Gram's Shawl
Marjory J. Taylor
Hayward Fault Line Winner

Three thousand dollars! That's a lot of money. Gram would turn over in her grave if I parted with Old Mrs. Green's hand-loomed Indian shawl. Mrs. Green's husband, who captained a sailing ship, brought the shawl home after a voyage to the Far East. In later years, Mrs. Green gave the shawl to my grandmother who was then a young woman. Gram defended it against all comers before entrusting it to me more than sixty years ago.

How could the man in Calcutta know about my shawl? I reread the letter, If the shawl is the one I think it is, and in good condition, it belongs in our museum. I offer you $3,000. for it. You may email me at the address below if you are interested in selling.

I was not interested in selling, but I could be interested in $3,000.

Emails flew back and forth. Within a few days I reluctantly agreed to sell my family treasure. The man insisted it was too valuable to send by commercial carrier. He admonished me to package the shawl carefully, and hand carry it to Calcutta.

I wrote, I am not sure that I want to sell under these conditions. The cost of a round trip flight to Calcutta, a place I have no desire to visit, will eat up most of the $3,000. I have second thoughts about selling Gram's shawl. If I reconsider, I will contact you.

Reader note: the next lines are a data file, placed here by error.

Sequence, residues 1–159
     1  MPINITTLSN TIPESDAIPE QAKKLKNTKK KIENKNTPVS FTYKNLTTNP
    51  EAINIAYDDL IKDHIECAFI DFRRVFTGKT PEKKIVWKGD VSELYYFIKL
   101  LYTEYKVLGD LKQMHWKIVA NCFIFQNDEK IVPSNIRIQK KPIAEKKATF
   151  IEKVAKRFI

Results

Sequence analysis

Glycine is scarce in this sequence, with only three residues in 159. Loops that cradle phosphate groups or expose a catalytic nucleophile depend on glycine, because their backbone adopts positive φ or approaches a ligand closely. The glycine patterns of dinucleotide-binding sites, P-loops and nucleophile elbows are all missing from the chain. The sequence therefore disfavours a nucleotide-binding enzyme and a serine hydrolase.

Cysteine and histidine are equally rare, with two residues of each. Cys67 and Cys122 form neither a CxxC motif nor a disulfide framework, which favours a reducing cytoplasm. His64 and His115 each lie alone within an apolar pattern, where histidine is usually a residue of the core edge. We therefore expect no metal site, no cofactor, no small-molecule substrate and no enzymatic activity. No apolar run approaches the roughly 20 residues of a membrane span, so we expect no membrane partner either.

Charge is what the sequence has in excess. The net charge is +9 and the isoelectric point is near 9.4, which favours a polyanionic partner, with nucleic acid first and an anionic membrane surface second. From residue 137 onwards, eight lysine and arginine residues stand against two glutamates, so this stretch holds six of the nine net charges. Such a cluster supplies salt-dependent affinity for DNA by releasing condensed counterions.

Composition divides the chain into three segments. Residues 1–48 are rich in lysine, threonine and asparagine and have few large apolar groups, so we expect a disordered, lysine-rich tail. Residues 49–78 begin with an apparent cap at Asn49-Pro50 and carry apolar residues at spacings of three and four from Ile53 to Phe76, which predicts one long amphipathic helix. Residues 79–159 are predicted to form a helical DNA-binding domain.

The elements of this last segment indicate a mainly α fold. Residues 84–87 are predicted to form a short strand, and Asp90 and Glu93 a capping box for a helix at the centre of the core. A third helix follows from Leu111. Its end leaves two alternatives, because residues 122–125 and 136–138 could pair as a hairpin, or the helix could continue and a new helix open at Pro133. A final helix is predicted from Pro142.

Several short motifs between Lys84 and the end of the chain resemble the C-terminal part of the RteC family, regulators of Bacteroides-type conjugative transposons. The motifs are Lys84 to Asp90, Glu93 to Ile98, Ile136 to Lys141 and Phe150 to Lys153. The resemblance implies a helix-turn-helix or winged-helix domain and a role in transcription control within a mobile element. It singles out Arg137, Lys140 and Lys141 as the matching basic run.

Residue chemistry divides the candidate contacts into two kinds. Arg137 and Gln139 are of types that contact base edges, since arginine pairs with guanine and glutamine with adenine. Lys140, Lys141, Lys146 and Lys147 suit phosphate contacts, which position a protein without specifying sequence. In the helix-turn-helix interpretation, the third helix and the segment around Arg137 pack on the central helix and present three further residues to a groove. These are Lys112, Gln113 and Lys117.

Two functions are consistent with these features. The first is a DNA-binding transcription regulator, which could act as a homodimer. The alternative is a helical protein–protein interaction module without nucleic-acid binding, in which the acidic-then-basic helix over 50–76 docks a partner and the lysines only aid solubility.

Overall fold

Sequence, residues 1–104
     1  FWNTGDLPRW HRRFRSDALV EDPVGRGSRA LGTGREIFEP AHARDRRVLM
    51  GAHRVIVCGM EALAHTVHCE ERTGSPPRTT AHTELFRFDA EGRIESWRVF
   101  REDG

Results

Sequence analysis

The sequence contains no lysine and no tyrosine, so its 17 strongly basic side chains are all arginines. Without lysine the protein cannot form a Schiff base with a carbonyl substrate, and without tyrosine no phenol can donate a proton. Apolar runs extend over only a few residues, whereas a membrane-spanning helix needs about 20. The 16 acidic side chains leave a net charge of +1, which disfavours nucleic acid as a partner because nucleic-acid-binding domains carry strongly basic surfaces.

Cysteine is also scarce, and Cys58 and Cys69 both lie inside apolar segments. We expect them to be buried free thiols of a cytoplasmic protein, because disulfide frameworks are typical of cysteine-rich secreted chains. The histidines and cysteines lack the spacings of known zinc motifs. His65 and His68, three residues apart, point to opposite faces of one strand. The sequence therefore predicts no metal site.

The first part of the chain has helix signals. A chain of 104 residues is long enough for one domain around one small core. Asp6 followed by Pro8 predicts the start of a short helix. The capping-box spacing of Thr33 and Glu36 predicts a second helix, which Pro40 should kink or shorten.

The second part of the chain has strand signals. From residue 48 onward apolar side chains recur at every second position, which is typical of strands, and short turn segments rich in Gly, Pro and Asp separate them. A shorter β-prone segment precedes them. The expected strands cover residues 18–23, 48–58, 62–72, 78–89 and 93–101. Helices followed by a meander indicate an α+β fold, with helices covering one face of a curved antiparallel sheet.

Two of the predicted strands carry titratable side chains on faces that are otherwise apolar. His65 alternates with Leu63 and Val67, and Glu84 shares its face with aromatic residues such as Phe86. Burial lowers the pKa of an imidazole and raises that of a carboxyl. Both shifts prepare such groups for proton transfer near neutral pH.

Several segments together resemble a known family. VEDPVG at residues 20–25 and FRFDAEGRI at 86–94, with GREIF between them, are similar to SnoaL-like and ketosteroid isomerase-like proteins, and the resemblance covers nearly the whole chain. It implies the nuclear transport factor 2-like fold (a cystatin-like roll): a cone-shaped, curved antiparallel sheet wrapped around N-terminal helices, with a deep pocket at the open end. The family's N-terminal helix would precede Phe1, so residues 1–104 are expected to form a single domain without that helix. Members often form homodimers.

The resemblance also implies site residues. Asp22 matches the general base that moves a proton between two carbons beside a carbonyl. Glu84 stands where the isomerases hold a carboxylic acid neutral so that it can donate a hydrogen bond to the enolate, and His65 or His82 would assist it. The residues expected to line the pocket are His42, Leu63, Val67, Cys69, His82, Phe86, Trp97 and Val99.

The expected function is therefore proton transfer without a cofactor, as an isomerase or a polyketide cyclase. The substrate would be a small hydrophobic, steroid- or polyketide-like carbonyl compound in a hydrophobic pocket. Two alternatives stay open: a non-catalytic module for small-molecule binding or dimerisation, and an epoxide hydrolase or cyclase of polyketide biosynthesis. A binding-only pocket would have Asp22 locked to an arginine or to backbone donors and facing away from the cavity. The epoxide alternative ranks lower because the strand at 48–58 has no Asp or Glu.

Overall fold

Two days later I received an email making a further offer. Bring the shawl. If it is the one I think it is, I will add your travel costs to the $3,000. payment. If this is acceptable, make your reservations and let me know when to expect you. I will meet you in the Arrivals lounge of Calcutta's airport at the appointed time. We can transact our business there, and you can take the next flight home. I have declared that shawl to Immigration and Customs officers in three different countries while changing planes en route to Calcutta. Now I am here.

There he is wearing a red, white, and blue turban, as he said he would do. He salutes me with his umbrella and beckons me to join him.

"You have it? It is in good condition? Let me see it."

I remove the wrappings and gently caress Gram's shawl for a last time.

The man speaks again, "This is not an Indian shawl. This was loomed by machine in a plain weave. Thousands of these were made in the textile mills of Paisley, Scotland, early in the nineteenth century. This is naught but a cheap imitation. It has little value."


First published: August, 2003
comments: knobs@iceflow.com